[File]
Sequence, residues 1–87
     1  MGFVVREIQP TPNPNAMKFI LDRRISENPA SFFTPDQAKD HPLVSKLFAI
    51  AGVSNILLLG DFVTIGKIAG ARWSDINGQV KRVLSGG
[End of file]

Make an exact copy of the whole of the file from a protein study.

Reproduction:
Sequence, residues 1–87
     1  MGFVVREIQP TPNPNAMKFI LDRRISENPA SFFTPDQAKD HPLVSKLFAI
    51  AGVSNILLLG DFVTIGKIAG ARWSDINGQV KRVLSGG